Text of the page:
Together with eight other lawmakers, Sens. Dianne Feinstein, D-Calif., and Tom Coburn, R-Okla., recently introduced a bill to eliminate the mandate for corn-based ethanol. This proposal comes just weeks after the Environmental Protection Agency announced plans to reduce the ethanol fuel requirement.
Both moves are reckless and unjustifiable. The nation must break its fossil-fuel addiction.
Corn-based ethanol helps cut domestic greenhouse gas emissions, lowers gasoline prices and supports hundreds of thousands of jobs. Plans to limit its use will stall the drive for clean energy, while wreaking havoc on the nationís agricultural markets.
Our leaders canít cede ground to the fossil fuels industry. Policymakers must reconsider these misguided plans, and instead redouble their efforts to promote renewable energy, especially domestic biofuels.
Since the passage of the Energy Independence and Security Act of 2007, fuel manufacturers have been required to gradually increase the amount of corn-based ethanol in most U.S. gasoline. The rule ó known as the renewable-fuel standard ó was intended to wean the country away from environmentally hazardous fossil fuels.
Ethanol has been an invaluable tool for mitigating the dangers of fossil fuel use. The corn-based fuel offers one of the few workable strategies for meeting the nationís environmental goals. For example, harmful emissions from ethanol are 48 to 59 percent lower than gasoline.
And unlike many other renewable energy sources, ethanol is economically sound, selling up to a dollar less per gallon than gasoline. The widespread adoption of ethanol has also strengthened our agriculture industry, supporting 300,000 jobs and contributing $43.4 billion to the national economy.
Not surprisingly, the fossil fuel sector has carried out a relentless campaign to smear ethanol as expensive, inefficient and damaging to automobile engines. Further, supporters of the Corn Ethanol Mandate Elimination Act contend that using ethanol as fuel raises animal feed and food prices to unmanageable levels.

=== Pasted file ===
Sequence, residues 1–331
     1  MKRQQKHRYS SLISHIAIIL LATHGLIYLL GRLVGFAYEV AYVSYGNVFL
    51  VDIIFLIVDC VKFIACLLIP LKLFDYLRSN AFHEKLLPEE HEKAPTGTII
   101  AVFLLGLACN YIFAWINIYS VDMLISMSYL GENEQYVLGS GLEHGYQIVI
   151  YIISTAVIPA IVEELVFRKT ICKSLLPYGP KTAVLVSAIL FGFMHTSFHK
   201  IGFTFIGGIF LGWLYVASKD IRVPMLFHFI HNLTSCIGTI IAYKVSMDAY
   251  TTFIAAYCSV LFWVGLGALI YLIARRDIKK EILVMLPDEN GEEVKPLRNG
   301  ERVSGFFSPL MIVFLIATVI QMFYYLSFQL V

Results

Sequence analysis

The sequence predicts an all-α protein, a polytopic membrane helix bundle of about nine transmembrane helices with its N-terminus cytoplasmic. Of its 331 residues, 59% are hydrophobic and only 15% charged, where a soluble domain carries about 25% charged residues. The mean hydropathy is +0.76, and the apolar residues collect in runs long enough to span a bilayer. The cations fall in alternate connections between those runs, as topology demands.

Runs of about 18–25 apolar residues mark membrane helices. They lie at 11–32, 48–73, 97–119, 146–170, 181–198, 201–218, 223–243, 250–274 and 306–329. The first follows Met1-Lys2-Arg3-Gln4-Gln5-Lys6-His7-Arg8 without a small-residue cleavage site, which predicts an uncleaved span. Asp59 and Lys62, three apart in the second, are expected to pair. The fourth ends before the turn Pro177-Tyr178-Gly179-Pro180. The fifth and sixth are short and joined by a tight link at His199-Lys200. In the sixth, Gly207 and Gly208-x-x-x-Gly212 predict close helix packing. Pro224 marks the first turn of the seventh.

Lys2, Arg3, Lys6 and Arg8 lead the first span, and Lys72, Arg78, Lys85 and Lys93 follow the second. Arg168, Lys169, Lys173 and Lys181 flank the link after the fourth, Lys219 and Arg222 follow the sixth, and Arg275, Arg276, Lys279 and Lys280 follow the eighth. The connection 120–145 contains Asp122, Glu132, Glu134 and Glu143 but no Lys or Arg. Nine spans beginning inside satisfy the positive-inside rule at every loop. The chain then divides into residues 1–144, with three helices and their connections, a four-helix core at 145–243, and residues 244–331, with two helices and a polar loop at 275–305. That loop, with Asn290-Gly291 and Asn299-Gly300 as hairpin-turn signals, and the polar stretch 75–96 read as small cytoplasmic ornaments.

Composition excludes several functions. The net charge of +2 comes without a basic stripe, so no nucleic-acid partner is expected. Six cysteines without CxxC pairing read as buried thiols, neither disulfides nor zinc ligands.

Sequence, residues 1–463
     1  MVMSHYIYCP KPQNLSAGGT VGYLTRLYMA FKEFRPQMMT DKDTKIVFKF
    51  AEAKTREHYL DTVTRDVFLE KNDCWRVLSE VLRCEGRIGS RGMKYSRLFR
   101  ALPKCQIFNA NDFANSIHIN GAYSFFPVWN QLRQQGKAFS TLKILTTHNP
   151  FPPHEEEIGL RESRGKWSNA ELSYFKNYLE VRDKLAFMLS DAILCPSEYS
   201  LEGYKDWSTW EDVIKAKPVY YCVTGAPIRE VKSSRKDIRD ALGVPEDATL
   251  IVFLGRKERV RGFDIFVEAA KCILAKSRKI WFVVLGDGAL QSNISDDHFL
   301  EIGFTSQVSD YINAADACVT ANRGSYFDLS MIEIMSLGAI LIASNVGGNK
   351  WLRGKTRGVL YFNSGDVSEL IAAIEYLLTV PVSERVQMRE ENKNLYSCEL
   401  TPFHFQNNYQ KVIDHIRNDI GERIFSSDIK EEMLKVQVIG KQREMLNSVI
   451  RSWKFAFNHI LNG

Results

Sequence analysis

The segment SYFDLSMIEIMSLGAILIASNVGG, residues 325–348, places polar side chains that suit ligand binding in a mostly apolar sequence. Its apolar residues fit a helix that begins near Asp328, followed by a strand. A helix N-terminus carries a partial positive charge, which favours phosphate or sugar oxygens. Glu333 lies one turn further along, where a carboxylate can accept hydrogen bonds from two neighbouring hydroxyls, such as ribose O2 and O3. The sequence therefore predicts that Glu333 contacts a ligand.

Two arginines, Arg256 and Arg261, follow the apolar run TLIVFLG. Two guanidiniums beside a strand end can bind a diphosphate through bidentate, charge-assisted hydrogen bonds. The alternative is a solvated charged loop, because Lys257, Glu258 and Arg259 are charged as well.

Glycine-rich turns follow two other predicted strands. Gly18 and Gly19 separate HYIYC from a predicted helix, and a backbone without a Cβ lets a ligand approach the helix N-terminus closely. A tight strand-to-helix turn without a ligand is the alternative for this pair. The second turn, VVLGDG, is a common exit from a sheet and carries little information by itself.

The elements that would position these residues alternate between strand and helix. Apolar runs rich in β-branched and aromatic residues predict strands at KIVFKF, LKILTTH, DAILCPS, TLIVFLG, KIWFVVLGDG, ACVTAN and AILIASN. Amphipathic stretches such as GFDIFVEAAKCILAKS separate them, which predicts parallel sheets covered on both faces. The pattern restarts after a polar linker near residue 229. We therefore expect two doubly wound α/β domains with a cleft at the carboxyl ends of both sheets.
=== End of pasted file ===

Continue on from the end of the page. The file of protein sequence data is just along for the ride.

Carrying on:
When you look at the overall low cost of corn as a food ingredient, and the fact that weíre meeting all needs for corn with a surplus of more than 1.7 billion bushels this year, this argument falls apart. Further, food prices are much more affected by increases in oil and other energy prices.
Another widespread myth is that gasoline mixtures with more than 10 percent ethanol arenít suitable for many of todayís cars. In fact, more than half of the cars on the road today are approved by the EPA for E15 fuel (a 15 percent blend of ethanol), and nearly two-thirds of the nationís cars produced next year will be explicitly approved by their manufacturer for E15 and/or E85.
The EPA has even pointed to an ďE10 blend wallĒ as a reason for relaxing the renewable-fuel standard in 2014. Thanks to the recent dropoff in demand for gasoline due to more efficient cars and fewer miles traveled overall, the agency notes, ď[n]early all gasoline sold in the U.S. is now ĎE10.íĒ According to the EPAís argument, without a reduction in the renewable-fuel standard, refiners will be forced to produce gasoline containing more ethanol than most cars can handle.